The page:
47 USC 230 and Consumer Protection Talk Notes

By Eric Goldman

Last week I made a very short presentation on 47 USC 230 and consumer protection at the ABA Antitrust Section’s Consumer Protection Conference. (I was scheduled for 6 minutes, but I think I took about 8). My talk notes:

47 USC 230 tries to divide online content into first party content and third party content. In its simplest form, 230 says that online actors can’t be liable for third party content unless (1) ECPA, (2) federal criminal enforcement, or (3) IP claims.

230 is the flagship example of cyberspace exceptionalism. As a result, its outcomes can challenge our traditional notions of tort law. This befuddles bright lawyers.

Despite 230, websites always remain liable for first party content.

* Ex 1: if they post their own content, they are liable

* Ex 2: if they make marketing representations, they are liable under standard doctrines like contract and false advertising law. Even so, some courts have been giving websites a pass for marketing representations which are rendered untrue by third party actions.

* Ex 3: Barnes v. Yahoo: website can by liable under promissory estoppel theory if it promises to remove third party content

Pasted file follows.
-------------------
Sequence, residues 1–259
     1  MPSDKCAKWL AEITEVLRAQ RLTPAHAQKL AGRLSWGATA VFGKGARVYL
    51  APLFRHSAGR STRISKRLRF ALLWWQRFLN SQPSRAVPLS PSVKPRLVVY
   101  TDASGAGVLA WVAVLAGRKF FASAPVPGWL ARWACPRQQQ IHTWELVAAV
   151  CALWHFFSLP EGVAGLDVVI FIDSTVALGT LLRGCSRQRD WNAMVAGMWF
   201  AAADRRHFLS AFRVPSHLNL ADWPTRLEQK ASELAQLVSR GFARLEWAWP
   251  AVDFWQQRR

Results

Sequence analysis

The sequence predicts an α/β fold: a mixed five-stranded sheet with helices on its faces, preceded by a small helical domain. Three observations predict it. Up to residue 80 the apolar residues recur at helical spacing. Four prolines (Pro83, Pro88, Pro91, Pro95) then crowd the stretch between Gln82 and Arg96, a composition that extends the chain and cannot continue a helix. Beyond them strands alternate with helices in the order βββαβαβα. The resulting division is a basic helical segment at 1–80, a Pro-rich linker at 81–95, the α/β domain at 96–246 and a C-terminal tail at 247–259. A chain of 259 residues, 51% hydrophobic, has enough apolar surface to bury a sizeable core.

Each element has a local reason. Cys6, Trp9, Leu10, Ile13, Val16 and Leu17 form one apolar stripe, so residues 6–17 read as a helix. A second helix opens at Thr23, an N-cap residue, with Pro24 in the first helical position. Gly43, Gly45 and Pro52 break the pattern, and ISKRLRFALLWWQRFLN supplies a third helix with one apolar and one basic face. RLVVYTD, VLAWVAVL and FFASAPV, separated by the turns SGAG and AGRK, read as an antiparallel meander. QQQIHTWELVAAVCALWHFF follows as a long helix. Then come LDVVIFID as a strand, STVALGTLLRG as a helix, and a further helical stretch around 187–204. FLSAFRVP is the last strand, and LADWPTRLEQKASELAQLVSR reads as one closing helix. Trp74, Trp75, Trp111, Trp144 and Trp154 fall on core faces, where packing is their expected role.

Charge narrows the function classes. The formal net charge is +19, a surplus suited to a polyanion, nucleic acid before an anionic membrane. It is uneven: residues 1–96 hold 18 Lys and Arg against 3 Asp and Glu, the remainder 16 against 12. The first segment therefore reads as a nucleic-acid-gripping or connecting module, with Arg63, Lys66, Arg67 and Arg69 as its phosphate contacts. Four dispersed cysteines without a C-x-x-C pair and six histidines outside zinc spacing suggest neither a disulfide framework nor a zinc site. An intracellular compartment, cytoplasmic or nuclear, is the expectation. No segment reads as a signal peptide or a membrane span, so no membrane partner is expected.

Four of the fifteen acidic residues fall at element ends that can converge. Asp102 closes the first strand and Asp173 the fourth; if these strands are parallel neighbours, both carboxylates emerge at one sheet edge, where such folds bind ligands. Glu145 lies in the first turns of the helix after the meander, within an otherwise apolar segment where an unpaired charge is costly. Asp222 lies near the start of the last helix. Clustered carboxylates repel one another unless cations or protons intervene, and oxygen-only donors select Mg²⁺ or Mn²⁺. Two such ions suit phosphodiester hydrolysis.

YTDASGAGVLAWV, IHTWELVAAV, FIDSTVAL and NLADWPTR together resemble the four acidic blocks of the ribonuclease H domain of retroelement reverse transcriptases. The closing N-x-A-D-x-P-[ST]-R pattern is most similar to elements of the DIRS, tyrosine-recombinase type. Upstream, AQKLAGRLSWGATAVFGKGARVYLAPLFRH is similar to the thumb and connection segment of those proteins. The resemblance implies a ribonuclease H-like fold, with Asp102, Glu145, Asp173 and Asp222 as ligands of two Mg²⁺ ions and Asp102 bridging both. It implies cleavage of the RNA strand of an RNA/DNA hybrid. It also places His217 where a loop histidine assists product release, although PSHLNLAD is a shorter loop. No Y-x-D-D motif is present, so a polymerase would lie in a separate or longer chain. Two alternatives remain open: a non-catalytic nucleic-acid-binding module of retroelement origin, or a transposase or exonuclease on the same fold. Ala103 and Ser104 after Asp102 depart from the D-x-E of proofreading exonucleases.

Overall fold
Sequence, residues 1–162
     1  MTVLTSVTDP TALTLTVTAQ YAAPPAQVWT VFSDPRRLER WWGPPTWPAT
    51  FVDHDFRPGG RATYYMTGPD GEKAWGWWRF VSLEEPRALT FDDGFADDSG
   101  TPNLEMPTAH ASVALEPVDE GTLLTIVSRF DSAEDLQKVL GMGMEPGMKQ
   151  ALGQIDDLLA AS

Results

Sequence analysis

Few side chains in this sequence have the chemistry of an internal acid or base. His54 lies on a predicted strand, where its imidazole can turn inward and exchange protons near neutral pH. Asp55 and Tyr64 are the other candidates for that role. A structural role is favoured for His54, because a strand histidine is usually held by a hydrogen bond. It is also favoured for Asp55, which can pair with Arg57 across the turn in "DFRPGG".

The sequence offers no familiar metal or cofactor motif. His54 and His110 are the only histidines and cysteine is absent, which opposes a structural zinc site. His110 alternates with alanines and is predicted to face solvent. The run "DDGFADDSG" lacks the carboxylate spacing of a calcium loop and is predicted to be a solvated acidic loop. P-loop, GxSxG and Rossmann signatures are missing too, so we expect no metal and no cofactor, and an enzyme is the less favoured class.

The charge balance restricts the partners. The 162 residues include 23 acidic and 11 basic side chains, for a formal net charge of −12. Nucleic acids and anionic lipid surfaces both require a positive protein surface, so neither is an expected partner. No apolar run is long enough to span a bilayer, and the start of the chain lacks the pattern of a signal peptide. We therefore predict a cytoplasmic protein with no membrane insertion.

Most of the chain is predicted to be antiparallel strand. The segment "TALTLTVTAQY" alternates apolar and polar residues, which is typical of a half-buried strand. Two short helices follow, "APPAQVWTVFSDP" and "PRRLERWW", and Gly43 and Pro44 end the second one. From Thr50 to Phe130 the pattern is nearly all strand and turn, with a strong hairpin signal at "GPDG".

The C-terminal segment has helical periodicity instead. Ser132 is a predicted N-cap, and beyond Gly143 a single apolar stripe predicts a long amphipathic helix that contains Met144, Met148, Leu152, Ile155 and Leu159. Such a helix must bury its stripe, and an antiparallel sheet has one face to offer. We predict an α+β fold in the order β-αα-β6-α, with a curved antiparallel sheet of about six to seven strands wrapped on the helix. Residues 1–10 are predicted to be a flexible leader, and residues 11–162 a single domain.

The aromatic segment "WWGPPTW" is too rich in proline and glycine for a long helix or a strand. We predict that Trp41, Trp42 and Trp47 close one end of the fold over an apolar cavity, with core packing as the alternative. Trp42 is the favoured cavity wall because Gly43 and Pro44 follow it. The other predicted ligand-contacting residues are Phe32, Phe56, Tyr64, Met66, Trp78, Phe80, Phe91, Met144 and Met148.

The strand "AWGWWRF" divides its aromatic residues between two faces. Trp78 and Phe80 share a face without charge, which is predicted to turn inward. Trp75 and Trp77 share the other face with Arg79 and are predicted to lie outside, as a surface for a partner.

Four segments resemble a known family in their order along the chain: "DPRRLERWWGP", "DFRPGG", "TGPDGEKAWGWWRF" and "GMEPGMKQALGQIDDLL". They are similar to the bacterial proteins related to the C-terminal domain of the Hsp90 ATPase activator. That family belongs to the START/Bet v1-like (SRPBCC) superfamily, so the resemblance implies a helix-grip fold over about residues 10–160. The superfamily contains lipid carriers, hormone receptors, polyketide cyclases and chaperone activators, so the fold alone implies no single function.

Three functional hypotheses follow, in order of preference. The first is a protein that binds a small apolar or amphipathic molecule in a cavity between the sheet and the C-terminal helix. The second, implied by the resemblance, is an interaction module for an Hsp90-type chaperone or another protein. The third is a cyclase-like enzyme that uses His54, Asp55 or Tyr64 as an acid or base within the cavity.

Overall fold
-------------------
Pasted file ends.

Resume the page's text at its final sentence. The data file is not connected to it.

Plaintiffs often try to argue that third party content becomes first party content.

* Ex 1: website contract may take ownership of user-supplied content

* Ex 2: SEC says that issuers endorse/adopt content that they link to

However, these arguments generally fail under 230. If content starts out as third party content, there is almost nothing the website can do that will convert the content into first party content. As a result, agency civil enforcement actions can unexpectedly run afoul of 230 when they collapse the distinctions between first party and third party content.

However, there is a possible workaround. In the Roommates.com case, the Ninth Circuit said that websites can lose their 230 protection in civil cases if they “encourage illegal content” or “require users to input illegal content.” The FTC is relying on this language in its recent Pricewert/3FN enforcement action against an Internet access provider who facilitated customers allegedly engaged in illegal activities. From my perspective, the Pricewert enforcement action could make sense in the following postures:

* if the FTC is bringing a criminal enforcement action, 230 is irrelevant

* if the FTC’s civil enforcement action is premised on Pricewert’s actual illegal behavior, 230 is irrelevant

* otherwise, if the civil enforcement action is premised on the illegal behavior of Pricewert’s customers, then this might fit into the Roommates.com exception if such an exception exists. However, I am troubled by such an exception, especially given that the enforcement action might also adversely affect Pricewert’s customers who only engaged in completely legal activity.

Two concluding observations:

1) 230’s basic division between first party content and third party content sounds great in theory but is tough to apply in practice.

2) In light of 230, enforcement agencies should rethink their expansive liability theories that basically assume that everyone should be responsible for a common set of online behavior (unless the agency is pursuing a criminal enforcement action).